Germany and France agree to back IMF aid for Greece
GERMANY and France have agreed to back International Monetary Fund (IMF) aid for Greece, a German finance ministry official said yesterday, signalling a joint position after weeks of dispute over how to resolve the Greek crisis.
The euro region's two biggest economies are now pulling together before a two-day EU summit in Brussels that will begin tomorrow.
Greece has pressed the EU to make specific commitments on aid in order to help reduce its borrowing costs.
Conflicting signals before the EU summit triggered three days of declines in Greek debt that drove the yield on 10-year bonds to 6.44pc yesterday, the highest since February 25.
"The German government is on the right track in pursuing close co-operation with France to help Greece help itself," Volker Wissing, chairman of the German parliament's finance committee, told reporters in Berlin.
Earlier yesterday, another German official ruled out stand-alone EU aid in the absence of a substantial IMF contribution.
Germany also wants to rewrite EU treaties in order to stiffen sanctions against countries that flout deficit limits, said the official, who was speaking on condition of anonymity.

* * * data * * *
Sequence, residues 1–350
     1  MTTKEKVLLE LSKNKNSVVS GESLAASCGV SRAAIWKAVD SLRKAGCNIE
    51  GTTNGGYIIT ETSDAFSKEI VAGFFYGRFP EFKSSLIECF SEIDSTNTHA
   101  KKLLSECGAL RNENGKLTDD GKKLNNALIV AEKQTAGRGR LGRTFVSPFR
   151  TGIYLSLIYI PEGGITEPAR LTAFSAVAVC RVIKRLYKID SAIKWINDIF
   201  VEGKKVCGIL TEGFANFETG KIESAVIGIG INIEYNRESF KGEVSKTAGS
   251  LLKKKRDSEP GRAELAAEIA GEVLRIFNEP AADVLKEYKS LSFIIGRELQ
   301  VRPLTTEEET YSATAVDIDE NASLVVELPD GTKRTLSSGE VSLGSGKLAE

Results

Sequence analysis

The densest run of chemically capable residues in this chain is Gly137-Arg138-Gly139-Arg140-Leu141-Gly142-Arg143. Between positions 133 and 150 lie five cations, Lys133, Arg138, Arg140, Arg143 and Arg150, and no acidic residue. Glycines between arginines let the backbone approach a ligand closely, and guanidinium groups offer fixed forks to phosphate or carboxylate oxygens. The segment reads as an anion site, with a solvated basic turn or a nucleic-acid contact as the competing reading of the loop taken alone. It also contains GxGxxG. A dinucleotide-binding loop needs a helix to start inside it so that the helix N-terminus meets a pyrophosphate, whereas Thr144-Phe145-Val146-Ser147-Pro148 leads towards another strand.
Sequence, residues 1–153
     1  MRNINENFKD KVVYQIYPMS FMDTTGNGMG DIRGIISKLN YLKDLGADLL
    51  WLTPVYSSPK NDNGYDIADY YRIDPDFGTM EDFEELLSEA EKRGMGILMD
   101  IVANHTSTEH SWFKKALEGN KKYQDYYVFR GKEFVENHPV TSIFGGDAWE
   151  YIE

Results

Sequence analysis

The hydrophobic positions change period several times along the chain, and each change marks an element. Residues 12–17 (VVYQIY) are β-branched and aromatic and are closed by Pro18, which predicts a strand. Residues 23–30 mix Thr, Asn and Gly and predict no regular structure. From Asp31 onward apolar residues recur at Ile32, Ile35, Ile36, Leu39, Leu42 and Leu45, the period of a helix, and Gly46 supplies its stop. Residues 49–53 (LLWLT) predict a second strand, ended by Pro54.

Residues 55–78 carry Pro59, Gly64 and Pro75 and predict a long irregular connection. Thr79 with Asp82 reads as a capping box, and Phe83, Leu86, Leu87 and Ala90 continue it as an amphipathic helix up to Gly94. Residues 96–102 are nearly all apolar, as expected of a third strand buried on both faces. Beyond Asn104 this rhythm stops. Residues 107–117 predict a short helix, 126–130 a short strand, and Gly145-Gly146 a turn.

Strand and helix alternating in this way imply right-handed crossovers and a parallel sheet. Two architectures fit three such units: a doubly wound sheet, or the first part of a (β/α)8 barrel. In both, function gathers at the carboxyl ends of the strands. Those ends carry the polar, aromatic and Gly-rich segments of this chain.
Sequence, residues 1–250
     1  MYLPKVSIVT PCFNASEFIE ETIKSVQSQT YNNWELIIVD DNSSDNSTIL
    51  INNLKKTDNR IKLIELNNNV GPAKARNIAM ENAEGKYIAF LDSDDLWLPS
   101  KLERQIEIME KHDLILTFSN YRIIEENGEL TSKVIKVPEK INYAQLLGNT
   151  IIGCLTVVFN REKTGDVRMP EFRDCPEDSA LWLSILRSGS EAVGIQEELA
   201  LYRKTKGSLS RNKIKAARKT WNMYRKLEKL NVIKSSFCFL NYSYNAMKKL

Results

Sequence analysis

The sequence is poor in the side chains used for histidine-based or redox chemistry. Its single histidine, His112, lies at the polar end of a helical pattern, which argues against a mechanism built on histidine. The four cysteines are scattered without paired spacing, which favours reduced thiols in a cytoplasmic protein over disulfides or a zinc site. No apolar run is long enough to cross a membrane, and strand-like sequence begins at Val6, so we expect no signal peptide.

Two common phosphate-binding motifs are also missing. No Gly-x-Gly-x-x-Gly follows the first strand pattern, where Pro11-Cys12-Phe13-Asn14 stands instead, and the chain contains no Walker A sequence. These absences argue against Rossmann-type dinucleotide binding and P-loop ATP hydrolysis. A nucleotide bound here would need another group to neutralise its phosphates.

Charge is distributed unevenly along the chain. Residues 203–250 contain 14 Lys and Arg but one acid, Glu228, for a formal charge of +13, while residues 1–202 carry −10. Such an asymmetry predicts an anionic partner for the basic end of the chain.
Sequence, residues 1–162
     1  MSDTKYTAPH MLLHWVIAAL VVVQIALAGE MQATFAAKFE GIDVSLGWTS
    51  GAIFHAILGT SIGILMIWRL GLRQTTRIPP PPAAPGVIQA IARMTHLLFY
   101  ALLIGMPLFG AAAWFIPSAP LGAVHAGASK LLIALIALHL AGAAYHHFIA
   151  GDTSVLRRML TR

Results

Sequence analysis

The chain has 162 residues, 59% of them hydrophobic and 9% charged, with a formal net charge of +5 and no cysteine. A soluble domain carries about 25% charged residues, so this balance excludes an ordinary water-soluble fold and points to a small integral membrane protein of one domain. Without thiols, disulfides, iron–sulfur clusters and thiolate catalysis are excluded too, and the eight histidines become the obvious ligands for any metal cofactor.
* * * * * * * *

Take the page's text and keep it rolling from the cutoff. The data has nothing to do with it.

Greece has warned in recent weeks that it may have to ask the IMF for financial aid -- which would be an embarrassing setback for European political union -- if it does not get any concrete support from EU leaders at Thursday's summit.
IMF involvement has become a divisive issue. It is supported by a German government that is adamantly against giving money to Greece and opposed by EU officials, who would like an internal solution.
Yesterday, however, a Greek official played down the threat.
"The IMF is one of many options which we have put to one side. We are in Europe, we want to stay there and we will stay there," said George Petalotis, a Greek government spokesman.
In Berlin, a German government official said several EU countries -- who are supporting Germany's tough line -- now appeared to be unopposed to IMF involvement in providing financial support.
The Greek government has said that unless it can borrow at more reasonable rates, it might have to turn to the IMF for help. It has also said that the outcome of the EU summit in Brussels will be crucial.
Athens is seeking details of a plan for help, should it become necessary, to convince markets it will not be allowed to default.
Such a blueprint could boost market confidence and reduce Greece's borrowing costs.
Greece's finance minister George Papaconstantinou also said he looked forward to a "positive outcome" in Brussels, but added: "Regardless of this outcome, Greece will be totally able to continue borrowing without difficulty . . . Greece is not coming to this debate as a beggar."
Greece has ordered major spending cuts and an overhaul of the tax system, promising to slash its budget deficit from an estimated 12.7pc of economic output in 2009 to 8.7 pc in 2010.
Greek bonds rallied yesterday. The 10-year yield dropped to 6.32pc, which is still more than double the yield on Germany's 10-year notes.